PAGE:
In the end, the former president’s policies were mostly rhetoric.
While Donald Trump may have promised an industrial resurgence as he entered office four years ago, he failed to revive American factories. As we swiftly and gratefully close the book on the Trump years, it’s important to understand that his grandiose rhetoric and erratic policies on trade and manufacturing didn’t usher in a new era of prosperity for factory towns. Many are in fact worse off than we he entered office.
There are fewer people working in manufacturing today than when Trump became president in 2017. That’s remarkable because factory jobs generally grew year-over-year from 2010 to 2018. In the last four years of Obama’s presidency alone, 386,000 manufacturing jobs were added. Throughout Obama’s time in office, Trump repeatedly criticized him for betraying American manufacturing. But Trump made matters worse in many ways.
Trump’s failure to establish a competitive dollar or to leverage tariffs for real change had already weakened factory job growth heading into the Covid-19 pandemic; his disastrous stewardship of the government’s pandemic response and its sputtering attempt at an economic recovery contributed to a steep drop of 543,000 jobs in manufacturing since February 2020. Few (if any) major global economies matched Trump’s futility through the end of 2020. And before anyone jumps to Trump’s defense by claiming it was the pandemic and lockdown that caused this job loss, it’s clear that his denial of the severity of the pandemic and scattershot response made things far worse than they needed to be.
As a candidate, Trump often railed about the size of the U.S. trade deficit. Yet he’s somehow managed to make it worse. In no year of the Trump administration was the trade deficit lower than in any of the eight years of the Obama administration. The highest three annual goods trade deficits on record in U.S. history are 2018, 2019 and (once figures are finalized) 2020. Those all came under Trump’s watch.
Critics of this analysis will undoubtedly note that at least Trump took action. He imposed tariffs on some imported steel. He renegotiated NAFTA and withdrew from entering the Trans-Pacific Partnership trade agreement. For a few months, he jawboned at companies that were offshoring jobs. He negotiated an agreement with China and has kept tariffs on many Chinese imports. He took other executive actions on “Buy America” and strengthening U.S. supply chains. All of this is true: He did take action. But the rhetoric often didn’t match the results.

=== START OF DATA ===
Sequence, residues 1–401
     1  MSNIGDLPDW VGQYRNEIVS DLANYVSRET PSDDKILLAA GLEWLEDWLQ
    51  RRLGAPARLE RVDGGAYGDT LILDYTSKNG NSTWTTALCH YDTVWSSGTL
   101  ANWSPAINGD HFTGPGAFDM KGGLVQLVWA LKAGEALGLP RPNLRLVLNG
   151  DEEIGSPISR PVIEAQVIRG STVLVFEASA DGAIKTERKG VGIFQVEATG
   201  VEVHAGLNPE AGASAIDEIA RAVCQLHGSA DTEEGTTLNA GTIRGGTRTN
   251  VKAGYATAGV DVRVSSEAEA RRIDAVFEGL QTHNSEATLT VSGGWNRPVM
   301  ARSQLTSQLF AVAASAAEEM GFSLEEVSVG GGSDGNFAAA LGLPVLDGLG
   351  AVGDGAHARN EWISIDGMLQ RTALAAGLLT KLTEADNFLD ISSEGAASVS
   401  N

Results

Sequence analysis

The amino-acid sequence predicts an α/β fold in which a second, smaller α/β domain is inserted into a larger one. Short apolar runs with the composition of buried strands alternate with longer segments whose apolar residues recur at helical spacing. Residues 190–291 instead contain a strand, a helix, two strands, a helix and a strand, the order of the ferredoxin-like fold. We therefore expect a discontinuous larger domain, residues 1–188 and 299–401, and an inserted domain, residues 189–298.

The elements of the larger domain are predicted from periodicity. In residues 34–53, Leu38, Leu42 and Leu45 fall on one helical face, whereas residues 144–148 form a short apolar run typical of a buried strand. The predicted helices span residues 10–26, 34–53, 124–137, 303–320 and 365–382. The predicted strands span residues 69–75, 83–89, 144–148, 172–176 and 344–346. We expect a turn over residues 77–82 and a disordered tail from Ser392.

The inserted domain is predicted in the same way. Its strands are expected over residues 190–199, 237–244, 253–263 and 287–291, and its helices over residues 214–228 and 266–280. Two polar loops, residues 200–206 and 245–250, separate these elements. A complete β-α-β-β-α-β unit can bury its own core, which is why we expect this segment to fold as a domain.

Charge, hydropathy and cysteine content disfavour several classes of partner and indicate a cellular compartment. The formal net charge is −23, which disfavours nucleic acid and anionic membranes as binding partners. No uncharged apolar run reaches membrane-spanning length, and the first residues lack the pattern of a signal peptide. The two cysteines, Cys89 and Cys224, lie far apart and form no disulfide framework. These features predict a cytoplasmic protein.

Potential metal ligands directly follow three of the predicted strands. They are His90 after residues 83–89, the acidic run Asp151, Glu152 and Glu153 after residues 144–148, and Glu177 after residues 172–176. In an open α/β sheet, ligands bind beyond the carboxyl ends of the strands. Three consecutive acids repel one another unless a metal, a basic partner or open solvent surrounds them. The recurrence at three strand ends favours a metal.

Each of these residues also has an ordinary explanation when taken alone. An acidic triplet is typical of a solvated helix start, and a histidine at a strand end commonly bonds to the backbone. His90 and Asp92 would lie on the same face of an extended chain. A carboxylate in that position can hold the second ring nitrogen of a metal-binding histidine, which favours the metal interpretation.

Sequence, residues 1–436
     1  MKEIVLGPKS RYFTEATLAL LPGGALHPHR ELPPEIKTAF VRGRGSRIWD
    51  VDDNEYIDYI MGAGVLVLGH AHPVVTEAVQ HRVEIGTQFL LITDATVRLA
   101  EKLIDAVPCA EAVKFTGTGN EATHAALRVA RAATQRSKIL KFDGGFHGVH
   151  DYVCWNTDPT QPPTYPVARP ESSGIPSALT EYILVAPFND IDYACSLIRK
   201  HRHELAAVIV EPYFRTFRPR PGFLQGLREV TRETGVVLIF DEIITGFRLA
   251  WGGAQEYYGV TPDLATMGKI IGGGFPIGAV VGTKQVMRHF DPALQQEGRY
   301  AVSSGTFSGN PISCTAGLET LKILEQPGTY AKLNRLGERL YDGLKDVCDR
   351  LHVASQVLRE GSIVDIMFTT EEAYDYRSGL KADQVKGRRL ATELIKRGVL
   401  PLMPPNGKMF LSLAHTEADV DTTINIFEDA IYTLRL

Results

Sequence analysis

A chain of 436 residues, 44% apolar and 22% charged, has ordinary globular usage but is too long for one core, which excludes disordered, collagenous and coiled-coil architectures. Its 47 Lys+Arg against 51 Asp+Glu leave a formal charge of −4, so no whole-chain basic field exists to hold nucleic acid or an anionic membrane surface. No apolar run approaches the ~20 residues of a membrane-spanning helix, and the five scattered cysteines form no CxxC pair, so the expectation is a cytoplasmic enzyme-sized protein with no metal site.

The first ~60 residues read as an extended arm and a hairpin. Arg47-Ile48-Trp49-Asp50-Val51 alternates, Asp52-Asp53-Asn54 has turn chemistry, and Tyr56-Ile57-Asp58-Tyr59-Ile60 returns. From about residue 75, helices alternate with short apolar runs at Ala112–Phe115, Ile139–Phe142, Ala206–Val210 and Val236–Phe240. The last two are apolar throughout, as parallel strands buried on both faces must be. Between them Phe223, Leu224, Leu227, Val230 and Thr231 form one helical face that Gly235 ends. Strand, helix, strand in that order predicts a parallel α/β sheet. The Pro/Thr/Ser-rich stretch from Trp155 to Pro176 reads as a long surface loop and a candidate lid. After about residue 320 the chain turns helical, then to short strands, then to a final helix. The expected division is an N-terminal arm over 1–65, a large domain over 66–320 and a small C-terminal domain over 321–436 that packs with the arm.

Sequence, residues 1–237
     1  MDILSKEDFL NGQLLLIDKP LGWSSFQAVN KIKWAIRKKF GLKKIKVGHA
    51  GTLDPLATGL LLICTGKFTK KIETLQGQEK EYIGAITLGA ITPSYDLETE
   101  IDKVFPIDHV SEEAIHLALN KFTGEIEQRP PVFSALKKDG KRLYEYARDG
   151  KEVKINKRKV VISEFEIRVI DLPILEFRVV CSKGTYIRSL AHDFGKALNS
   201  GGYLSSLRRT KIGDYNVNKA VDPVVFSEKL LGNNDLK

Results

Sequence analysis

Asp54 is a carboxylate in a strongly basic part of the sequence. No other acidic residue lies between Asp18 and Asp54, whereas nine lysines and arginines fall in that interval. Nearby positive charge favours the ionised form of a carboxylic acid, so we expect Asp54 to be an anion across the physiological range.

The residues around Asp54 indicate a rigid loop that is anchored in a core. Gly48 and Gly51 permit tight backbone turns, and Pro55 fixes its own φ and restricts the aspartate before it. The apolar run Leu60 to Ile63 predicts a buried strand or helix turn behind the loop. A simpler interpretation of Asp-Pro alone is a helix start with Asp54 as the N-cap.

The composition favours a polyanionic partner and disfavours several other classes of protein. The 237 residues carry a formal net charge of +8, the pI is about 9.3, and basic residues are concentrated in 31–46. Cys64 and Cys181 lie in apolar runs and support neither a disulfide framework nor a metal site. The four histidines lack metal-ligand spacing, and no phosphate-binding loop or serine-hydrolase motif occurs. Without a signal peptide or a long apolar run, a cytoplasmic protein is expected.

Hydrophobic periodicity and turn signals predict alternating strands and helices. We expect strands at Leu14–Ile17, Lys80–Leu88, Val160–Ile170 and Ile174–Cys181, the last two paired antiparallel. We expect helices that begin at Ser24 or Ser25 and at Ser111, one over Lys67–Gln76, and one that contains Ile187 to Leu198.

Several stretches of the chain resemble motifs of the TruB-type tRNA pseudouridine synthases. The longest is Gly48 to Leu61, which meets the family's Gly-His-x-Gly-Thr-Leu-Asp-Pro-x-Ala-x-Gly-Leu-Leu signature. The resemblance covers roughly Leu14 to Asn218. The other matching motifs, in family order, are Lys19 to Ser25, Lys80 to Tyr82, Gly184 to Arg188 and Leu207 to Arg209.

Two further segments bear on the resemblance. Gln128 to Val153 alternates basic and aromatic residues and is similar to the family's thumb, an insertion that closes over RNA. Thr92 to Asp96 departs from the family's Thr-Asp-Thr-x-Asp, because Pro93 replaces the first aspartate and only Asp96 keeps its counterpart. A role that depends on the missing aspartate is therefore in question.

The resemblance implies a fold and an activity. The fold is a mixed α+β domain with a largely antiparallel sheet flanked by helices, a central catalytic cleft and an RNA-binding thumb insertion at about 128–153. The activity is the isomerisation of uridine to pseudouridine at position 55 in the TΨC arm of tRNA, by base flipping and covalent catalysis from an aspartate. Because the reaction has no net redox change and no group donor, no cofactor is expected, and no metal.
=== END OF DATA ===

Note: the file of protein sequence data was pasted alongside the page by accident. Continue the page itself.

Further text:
Take steel. I believe the Section 232 tariffs must remain for perhaps several years until the global steel overcapacity, subsidies, and dumping issues are decisively resolved. But the Section 232 tariffs themselves cover only about 30 percent of imported steel, once exemptions, exclusions and alternative arrangements are factored in. That’s one reason that the renaissance in steel was short-lived in 2018 and part of 2019 before the layoffs and plant closures began again.
Or take the USMCA. While U.S. Trade Ambassador Robert Lighthizer may have been the most competent Trump appointee, he couldn’t have secured this new deal without the firm guidance provided by congressional Democrats and America’s labor movement. And working families will be fortunate to have Biden appointees monitoring workers’ rights and other compliance metrics in the very near future.
During the first week of his administration, Trump promised to make sure energy pipelines were made of American iron and steel. But he never followed through, and workers lost jobs in pipe and tube mills.
One of Trump’s biggest manufacturing “wins” — a promise extracted from Foxconn to build a massive new manufacturing facility in Wisconsin that would employ more than ten thousand workers—has turned out to a glorified warehouse that will likely never fulfill its promise.
And his “Buy American, Hire American” executive orders were full of language like “encourage” rather than “shall,” making them far too process-oriented to be effective.
Finally, his fiscal policies gave even more power to Wall Street to dictate terms to American manufacturers and strengthened the dollar, making American exports less competitive.
The data and results, if viewed through clear eyes, show that Trump didn’t deliver for American manufacturing. Throughout his term in office, I encouraged him to take meaningful actions, supported efforts that were indeed headed in the right direction, and criticized him when he missed. I’ll deliver the same objective analysis of Biden’s efforts, and indeed I hope better days are ahead.